Men freed after 30 years in prison for child rape, murder

Man walks free after 30 years behind bars
Two men who spent over 30 years in prison for the killing and rape of an 11-year-old Robeson County girl walked free Wednesday.

Henry McCollum and his half-brother Leon Brown left prison just a day after their convictions were overturned.

Tuesday, the men were ordered to be released by a judge in Robeson County after he heard evidence that DNA in the case doesn't show they were involved in the murder.

Lawyers for the Center for Death Penalty Litigation -- who represented 50-year-old McCollum and 46-year-old Brown -- told the judge a man serving a life sentence for a similar rape and slaying that happened less than a month later is the real killer of Sabrina Buie in 1983.

Following his release, McCollum thanked God for keeping him strong.

I'm happy. I'm very emotional," he said. "I just thank God that I'm out of this place, lot of joy and rejoicing, happiness and everything cause I was very anxious when they told me this news and stuff. I wanted to get away from this place."

"We had guys that were family and all that," McCollum explained. "They took me under their wings and taught me the codes of prison and stuff. I tossed and turned at night trying to sleep, you know cause I thought these people were going to kill me."

He said he knew one day he was going to be "blessed to get out of prison," he "just didn't know when that time was going to be."

"Ain't no anger in my heart, [sic]" McCollum said of police and prosecutors. "I forgive those people and stuff, but I don't like what they've done to me and my brother because they took 30 years away from me for no reason, but I don't hate them. I don't hate them one bit."

Leon Brown was released later in the day from Maury Correctional Institution near Greenville. Through his attorney, he declined to comment.

District Attorney Johnson Britt acknowledged the new DNA discovery in court papers filed earlier this year. Investigators say DNA taken from a cigarette found at the crime scene doesn't match Brown or McCollum. Britt said evidence from the original trial is being tested again.

"I know it was a travesty of justice, and they're starting to break all of that down," said the brothers' cousin, Ted Morrison, following the judgment. "What they're going to do from here on out, God only knows, but I pray they find something. Some purpose."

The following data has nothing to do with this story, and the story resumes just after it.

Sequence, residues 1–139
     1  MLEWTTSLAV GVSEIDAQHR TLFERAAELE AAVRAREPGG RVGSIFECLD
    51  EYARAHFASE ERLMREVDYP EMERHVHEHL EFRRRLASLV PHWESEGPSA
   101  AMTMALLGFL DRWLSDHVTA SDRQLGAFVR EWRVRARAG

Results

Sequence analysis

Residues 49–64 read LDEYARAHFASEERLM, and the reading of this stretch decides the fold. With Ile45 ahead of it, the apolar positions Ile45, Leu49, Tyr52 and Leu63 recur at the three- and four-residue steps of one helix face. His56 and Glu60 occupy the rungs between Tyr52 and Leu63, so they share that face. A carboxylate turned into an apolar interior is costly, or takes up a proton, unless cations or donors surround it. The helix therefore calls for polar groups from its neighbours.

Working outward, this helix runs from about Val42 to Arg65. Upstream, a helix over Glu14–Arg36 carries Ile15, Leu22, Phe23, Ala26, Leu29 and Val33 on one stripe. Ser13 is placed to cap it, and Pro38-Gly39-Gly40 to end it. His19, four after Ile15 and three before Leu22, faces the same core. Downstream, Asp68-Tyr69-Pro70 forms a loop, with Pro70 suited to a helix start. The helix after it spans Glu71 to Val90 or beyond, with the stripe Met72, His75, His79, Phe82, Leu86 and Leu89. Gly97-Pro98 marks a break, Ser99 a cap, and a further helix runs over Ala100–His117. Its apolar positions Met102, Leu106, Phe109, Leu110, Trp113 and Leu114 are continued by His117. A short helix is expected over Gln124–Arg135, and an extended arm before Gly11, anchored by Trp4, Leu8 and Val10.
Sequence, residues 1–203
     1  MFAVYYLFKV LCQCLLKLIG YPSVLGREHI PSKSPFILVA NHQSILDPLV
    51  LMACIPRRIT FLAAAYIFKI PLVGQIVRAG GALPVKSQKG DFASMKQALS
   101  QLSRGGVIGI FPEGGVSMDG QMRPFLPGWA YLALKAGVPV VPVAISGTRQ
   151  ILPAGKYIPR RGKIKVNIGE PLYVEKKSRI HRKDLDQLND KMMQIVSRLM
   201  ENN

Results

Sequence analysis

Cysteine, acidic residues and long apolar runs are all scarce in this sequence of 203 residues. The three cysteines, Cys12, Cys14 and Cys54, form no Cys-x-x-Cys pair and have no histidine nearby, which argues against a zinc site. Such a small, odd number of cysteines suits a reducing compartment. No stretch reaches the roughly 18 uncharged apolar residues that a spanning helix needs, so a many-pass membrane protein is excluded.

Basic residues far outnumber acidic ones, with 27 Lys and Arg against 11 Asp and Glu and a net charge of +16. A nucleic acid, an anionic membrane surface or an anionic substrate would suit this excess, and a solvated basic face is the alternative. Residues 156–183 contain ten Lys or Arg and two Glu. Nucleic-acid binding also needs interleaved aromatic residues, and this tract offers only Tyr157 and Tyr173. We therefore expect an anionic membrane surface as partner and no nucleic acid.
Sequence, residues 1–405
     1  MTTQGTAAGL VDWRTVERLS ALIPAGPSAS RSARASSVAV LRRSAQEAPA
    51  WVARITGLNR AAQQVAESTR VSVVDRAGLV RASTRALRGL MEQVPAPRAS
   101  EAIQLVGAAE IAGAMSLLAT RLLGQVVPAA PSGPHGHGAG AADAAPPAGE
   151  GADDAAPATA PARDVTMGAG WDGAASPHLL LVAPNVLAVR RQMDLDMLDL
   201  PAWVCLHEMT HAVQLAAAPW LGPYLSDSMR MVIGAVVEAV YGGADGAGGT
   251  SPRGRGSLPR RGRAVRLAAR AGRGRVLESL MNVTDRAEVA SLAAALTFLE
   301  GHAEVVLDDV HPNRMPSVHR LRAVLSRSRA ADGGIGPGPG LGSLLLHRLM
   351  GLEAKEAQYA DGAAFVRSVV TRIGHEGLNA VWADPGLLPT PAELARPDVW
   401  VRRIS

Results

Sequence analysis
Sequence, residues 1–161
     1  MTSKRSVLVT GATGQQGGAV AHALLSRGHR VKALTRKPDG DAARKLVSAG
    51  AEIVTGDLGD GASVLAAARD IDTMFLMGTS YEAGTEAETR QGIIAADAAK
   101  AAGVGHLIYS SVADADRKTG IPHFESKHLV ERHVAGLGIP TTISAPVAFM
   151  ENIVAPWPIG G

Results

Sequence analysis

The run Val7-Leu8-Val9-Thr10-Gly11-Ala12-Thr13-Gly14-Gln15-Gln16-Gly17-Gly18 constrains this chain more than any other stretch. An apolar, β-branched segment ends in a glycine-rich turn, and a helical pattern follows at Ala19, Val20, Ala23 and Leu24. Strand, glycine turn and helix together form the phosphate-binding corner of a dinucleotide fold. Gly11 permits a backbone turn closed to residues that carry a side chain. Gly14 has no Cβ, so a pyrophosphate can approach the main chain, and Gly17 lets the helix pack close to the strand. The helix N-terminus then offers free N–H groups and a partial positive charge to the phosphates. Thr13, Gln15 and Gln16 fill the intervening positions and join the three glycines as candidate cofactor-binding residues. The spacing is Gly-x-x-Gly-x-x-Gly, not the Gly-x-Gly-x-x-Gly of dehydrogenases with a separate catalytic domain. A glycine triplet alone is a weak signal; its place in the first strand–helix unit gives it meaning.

Buie was found dead in a Robeson County soybean field, naked except for a bra pushed up against her neck. A short distance away, police found two bloody sticks and the cigarette butt.

Authorities said McCollum, who was 19 at the time, and his half-brother Brown, who was 15, confessed to killing Buie. Both men were initially given death sentences, which were overturned. At a second trial, McCollum was again sent to death row, where he remained until Tuesday, while Brown was only convicted of rape and sentenced to life.

But lawyers for the defendants said there is no physical evidence connecting them to the crime. In addition to the DNA, fingerprints taken from a beer can at the scene aren't theirs either. Attorneys said both men have low IQs equivalent to fourth graders and their confessions were coerced after hours of questioning.

"At the age of 15 being mentally challenged? With no legal representation and no parent there and they're going to tell me they asked you to sign something [a confession]?" asked an exasperated Morrison. "Come on now."

Instead, the DNA from the cigarette matches Roscoe Artis, 74, who is serving a life sentence for the rape and killing of an 18-year-old woman just a few miles away, prosecutors and defense attorneys agree.

The other man also was convicted of assaulting three other women over 30 years before his last conviction. The fingerprint on the can found near Buie had not been checked with his prints a week before the hearing was set to begin.

Complicating matters even more was the discovery last month of a box of evidence from the original trial at the small Red Springs police station that authorities thought was lost. Britt said authorities are currently testing that evidence.

Following the hearing, McCollum and Brown were sent back to Warren County and Central prisons where'd they had been serving their sentences. Morrison said he was glad the Innocence Project took the time to listen to the brothers, and that their story didn't end with their 1990s re-trials.

McCollum said before he left the prison gates that the first thing he wants to do now that he is free is to "go home take a hot bath and see how that tub feels."

"I want to go to sleep, wake up the next day and see if all this is real," McCollum added.

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